Dr. John

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The Counsel of Tears

 

Image of tears

Throughout the years of my medical practice, I experienced the pain and anguish of many patients and their families when an operative report was not good, or when a person with a terminal illness departed this earth. I always had good intentions to bring peace and comfort where there was suffering, but like so many, I often was at a loss for words. I discovered early that the best comfort for most, was in just having loving and caring friends present.  A heart-felt handshake or hug says volumes to the anguished and the distraught. The Bible teaches us that we are ‘to rejoice with those who rejoice, and weep with those who weep.” As a surgeon with lots of experience, I trained myself to keep my personal feelings and emotions in check, and that strengthened my objectivity in certain stressful situations. Some of that attitude was also present in my personal life and may have been interpreted as a lack of compassion.

For most of our married life, Cathy and I have had a heart for helping to strengthen homes and marriages. We had some personal struggles early, and as our own marriage was made stronger by the love of Christ, we have desired to help others with similar problems. We have taught young adult Sunday school classes for a long time. That is where we met one particular couple that was only a few years younger. We had lots in common besides the Sunday school class; we were strongly committed to our marriages, our children were approximately the same ages, we desired to grow stronger in our spiritual lives and we wanted our church to grow stronger in its’ ministries.

He and I bonded quickly and soon became running mates as we began jogging together in the early morning hours before work. We stuck with our daily exercise schedule and continued jogging together for several years. As we huffed and puffed into better health, we shared a number of common things such as sports, church related issues, spiritual truths we were learning, and even advice to each other concerning common marital struggles. Our conversations were many, but were never too deep or heavy that we didn’t enjoy our morning jog. The relationship was one like brothers might have, and I always looked forward to awakening an hour earlier than normal, just to spent time with him. Unfortunately, his work responsibilities began requiring him to be out-of-town more often, and the few days he was in town each week or every other week, he needed that time at home. Our jogging times together came to a halt, but I continued exercising solo. At about the same time, I began teaching a senior adult men’s Sunday school class, so I didn’t see my friend for weeks if not months at a time.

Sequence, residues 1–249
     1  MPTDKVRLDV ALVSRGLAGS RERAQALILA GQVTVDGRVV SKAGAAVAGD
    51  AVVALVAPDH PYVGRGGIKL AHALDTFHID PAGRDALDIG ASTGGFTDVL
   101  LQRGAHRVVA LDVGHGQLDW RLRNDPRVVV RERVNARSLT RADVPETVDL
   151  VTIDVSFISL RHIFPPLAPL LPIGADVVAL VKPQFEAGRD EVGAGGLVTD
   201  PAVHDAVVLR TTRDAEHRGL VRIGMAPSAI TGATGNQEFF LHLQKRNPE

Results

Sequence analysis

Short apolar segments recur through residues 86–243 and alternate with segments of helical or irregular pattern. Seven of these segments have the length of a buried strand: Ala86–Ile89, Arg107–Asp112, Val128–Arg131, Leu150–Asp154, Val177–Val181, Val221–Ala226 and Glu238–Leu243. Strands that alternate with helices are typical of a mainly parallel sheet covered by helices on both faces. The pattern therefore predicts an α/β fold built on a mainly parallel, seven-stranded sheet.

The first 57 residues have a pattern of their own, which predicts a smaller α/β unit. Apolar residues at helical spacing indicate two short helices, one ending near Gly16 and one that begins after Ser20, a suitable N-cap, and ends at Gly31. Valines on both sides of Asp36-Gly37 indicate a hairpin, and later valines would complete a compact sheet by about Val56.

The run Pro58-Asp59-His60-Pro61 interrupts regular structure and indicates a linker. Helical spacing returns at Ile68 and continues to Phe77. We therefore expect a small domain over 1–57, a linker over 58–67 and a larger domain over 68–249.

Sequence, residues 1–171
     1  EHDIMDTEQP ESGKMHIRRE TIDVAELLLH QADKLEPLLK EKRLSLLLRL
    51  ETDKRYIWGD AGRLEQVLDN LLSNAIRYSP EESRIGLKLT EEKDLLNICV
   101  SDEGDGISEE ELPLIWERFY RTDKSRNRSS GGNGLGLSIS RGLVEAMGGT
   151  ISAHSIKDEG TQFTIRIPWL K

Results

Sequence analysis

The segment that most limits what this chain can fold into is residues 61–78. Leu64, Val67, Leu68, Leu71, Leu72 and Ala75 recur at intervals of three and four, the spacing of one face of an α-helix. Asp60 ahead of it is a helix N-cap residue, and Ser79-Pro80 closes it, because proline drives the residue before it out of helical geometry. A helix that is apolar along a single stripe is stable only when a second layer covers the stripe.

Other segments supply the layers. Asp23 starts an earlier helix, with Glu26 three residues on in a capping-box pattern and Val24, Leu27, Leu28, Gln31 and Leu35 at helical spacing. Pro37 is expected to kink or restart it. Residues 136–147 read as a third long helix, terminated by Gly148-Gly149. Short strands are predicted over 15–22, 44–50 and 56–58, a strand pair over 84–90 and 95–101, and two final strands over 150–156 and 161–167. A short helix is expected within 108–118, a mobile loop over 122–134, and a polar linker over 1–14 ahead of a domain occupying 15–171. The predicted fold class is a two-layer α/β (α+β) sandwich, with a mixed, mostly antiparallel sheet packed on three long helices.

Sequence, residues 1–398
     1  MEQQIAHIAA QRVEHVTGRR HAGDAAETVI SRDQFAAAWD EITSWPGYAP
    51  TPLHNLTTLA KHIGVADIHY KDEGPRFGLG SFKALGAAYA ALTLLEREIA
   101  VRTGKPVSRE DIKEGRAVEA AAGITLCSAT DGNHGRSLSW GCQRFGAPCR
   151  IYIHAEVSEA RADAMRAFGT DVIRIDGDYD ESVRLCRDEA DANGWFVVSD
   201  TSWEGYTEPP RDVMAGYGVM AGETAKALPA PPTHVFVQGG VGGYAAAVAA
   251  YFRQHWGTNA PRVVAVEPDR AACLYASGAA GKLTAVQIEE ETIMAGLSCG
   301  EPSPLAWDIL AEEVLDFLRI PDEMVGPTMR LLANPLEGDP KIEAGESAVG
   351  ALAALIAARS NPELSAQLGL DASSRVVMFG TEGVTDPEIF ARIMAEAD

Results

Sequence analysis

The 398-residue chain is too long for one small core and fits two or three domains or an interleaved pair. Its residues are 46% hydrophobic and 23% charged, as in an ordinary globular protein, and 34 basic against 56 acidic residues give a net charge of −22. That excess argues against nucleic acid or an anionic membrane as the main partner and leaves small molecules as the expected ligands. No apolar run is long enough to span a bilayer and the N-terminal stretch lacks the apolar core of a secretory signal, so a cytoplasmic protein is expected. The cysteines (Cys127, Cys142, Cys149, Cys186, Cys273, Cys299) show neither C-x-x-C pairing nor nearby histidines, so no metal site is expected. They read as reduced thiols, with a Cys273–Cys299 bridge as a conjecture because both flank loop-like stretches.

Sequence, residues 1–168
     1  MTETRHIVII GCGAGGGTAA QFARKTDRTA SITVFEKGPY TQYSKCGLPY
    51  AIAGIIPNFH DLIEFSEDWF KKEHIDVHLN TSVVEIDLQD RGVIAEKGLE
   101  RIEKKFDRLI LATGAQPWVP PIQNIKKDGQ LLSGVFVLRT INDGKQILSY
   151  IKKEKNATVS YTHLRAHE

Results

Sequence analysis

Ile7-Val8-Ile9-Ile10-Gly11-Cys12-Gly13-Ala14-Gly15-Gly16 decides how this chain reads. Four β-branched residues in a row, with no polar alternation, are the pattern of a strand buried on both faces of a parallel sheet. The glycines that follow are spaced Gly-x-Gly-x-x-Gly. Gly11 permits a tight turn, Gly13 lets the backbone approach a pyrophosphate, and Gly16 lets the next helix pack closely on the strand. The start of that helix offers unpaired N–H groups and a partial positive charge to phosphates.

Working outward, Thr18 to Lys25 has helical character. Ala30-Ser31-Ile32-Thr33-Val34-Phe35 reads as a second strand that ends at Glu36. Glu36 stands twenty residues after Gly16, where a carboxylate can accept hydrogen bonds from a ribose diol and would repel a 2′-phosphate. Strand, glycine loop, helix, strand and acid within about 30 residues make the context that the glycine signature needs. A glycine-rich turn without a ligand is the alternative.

One morning when I happened to be home with no surgical cases scheduled, we received a phone call from my friend’s wife asking if she could come over right away and speak with both Cathy and me. She was tearful over the phone saying their marriage was in a very difficult place, and she needed counsel from both of us. We prepared ourselves with prayer while she was driving over. She sat at our breakfast room table and poured out her heart to us with tears, telling us their marriage was in great danger of dissolving. There were some issues that seemed insurmountable and the separation that his work required at that time had only made the entire situation worse. The more she talked and wept, the more we were convinced that the problem was indeed serious.